Where voters now see Democrat and Republican, some state legislators are seeing red.
A Republican-led push for nonpartisan elections in Bibb County led to clear fissures in the countys legislative delegation hearings Tuesday at the Greater Macon Chamber of Commerce.
State Rep. Nikki Randall, D-Macon, said partisan elections were continued in the consolidation proposal that voters approved this year.
Are we saying, We got you to vote for it, now were going to change it? Randall asked. Some may consider it to be a deceptive act.
Randall said she expected bills for nonpartisan elections will be filed by state Sen. Cecil Staton and state Rep. Allen Peake, both Macon Republicans whom she thinks have the votes needed to pass them.
State Rep. James Beverly, D-Macon, said he hopes other legislators will reconsider.
Hopefully the part of the delegation introducing this stuff will have the integrity to say, Im not going to do it, Beverly said.
Peake said he did a survey of hundreds of people through e-mail and found 85 percent of the people want nonpartisan elections.
Nonpartisan elections are I think what the community wants, he said.
But some three hours after legislators began debating, Macon Mayor Robert Reichert -- himself a former legislator -- arrived to talk to about the citys priorities. He suggested a middle ground between partisan and nonpartisan elections.
Reichert proposed having all nonpartisan elections, in which every voter could vote for anyone -- but allowing candidates to identify themselves as Republican, Democrat or independent.
Both Peake and Randall said the idea is worth considering.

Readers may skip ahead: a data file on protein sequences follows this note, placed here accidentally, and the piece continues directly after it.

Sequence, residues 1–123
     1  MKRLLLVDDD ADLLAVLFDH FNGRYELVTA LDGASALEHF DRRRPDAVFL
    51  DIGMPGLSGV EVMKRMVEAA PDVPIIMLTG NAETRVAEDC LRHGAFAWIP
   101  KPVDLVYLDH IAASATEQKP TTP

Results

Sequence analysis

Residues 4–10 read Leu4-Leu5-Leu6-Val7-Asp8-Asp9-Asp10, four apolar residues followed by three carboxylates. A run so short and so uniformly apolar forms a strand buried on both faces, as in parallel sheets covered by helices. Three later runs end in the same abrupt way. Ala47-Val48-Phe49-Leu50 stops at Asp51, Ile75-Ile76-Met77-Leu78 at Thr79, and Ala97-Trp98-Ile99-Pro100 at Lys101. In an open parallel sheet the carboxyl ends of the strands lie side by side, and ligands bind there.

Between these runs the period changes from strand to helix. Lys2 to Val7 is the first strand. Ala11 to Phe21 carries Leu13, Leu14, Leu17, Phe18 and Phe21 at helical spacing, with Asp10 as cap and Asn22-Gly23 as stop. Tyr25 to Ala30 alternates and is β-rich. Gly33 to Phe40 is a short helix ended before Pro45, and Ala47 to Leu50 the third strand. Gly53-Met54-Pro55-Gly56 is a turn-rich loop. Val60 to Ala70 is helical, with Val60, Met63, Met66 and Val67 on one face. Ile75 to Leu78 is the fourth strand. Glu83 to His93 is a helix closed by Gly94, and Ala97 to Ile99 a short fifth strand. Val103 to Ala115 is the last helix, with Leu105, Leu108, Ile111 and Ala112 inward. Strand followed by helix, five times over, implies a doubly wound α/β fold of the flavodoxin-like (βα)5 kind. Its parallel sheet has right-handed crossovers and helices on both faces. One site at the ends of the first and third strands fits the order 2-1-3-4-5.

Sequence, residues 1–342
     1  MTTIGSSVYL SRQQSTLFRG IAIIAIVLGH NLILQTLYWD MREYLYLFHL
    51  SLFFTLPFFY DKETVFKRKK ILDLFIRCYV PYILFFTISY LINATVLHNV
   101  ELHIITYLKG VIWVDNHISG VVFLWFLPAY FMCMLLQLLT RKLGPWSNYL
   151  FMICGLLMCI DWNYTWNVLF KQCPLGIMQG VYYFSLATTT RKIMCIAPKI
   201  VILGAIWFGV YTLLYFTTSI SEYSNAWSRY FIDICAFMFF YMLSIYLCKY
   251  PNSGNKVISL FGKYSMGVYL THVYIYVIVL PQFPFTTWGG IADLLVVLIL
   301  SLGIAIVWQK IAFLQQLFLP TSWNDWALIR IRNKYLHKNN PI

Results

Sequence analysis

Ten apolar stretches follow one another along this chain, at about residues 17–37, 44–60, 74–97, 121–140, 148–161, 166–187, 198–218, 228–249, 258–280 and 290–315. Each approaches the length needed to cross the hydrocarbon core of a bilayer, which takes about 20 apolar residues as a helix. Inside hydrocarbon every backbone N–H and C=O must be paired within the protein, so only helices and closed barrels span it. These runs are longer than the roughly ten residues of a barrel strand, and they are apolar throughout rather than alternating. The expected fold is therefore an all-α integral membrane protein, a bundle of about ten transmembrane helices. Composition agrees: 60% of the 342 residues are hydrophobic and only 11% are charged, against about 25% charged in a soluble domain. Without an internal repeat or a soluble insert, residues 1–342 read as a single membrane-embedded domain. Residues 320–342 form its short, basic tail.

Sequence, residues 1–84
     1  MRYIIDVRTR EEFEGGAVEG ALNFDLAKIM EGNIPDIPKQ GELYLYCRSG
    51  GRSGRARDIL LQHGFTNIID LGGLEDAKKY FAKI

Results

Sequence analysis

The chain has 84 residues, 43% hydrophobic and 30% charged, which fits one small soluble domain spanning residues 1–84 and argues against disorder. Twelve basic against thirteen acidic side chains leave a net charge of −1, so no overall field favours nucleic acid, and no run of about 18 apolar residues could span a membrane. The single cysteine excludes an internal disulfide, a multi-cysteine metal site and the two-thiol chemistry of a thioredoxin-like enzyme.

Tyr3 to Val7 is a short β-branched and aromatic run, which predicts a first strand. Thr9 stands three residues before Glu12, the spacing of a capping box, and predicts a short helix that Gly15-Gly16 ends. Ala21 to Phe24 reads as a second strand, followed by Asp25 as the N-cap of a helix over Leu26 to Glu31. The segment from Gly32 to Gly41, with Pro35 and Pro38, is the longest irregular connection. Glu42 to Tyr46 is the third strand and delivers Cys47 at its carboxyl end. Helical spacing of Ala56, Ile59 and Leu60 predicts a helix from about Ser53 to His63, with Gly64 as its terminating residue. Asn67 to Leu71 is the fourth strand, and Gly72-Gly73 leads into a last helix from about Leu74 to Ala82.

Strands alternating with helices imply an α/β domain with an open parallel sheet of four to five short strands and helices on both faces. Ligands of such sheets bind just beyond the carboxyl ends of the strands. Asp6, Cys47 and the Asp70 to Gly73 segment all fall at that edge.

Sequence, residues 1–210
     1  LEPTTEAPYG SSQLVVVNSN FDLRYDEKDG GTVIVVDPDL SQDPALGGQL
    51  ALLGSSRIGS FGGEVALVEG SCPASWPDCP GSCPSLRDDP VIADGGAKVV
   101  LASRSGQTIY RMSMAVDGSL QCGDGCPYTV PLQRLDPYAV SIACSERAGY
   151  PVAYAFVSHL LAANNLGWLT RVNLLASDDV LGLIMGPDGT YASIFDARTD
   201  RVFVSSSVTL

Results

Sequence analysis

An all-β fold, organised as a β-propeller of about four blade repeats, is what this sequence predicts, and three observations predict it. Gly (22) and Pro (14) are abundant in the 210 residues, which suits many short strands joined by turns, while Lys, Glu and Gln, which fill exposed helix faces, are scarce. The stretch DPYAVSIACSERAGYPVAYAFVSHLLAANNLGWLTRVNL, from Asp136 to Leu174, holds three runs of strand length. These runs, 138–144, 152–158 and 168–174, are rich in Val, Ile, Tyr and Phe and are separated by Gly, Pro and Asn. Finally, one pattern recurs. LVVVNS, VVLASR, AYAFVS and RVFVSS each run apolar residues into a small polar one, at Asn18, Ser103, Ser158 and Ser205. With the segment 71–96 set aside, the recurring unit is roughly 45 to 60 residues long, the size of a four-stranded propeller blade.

Maybe its a compromise, Reichert said later.
Both Reichert and Bibb County Commission Chairman Sam Hart worried aloud about whether a legislative fight over nonpartisan elections for the new consolidated government would divide the community or distract legislators from critical matters.
Bibb Commissioner Joe Allen asked legislators to consider nonpartisan elections for sheriff, district attorney and judges -- but not commissioners. That drew immediate opposition from Commissioner Bert Bivins.
As long as we act like Republicans and Democrats, we should be elected as Republicans and Democrats, Bivins said.
Allen said later he would support Reicherts election proposal.
Bibb County officials have other divides to smooth over. They asked legislators for help in trying to think more regionally. Differences erupted earlier this year when voters were considering a regional transportation special purpose local option sales tax. That tax was defeated in July, with strong opposition from Houston County and support from Bibb County.
If the T-SPLOST taught us anything, it taught us the importance of having political alliances among regional leaders, Chamber of Commerce President Mike Dyer told legislators Tuesday. Dyer said he hoped state-level alliances could provide pressure to unite local people.
We really need you to step up, said Dyer, noting that regional cooperation has benefited Robins Air Force Base.
To contact writer Mike Stucka, call 744-4251.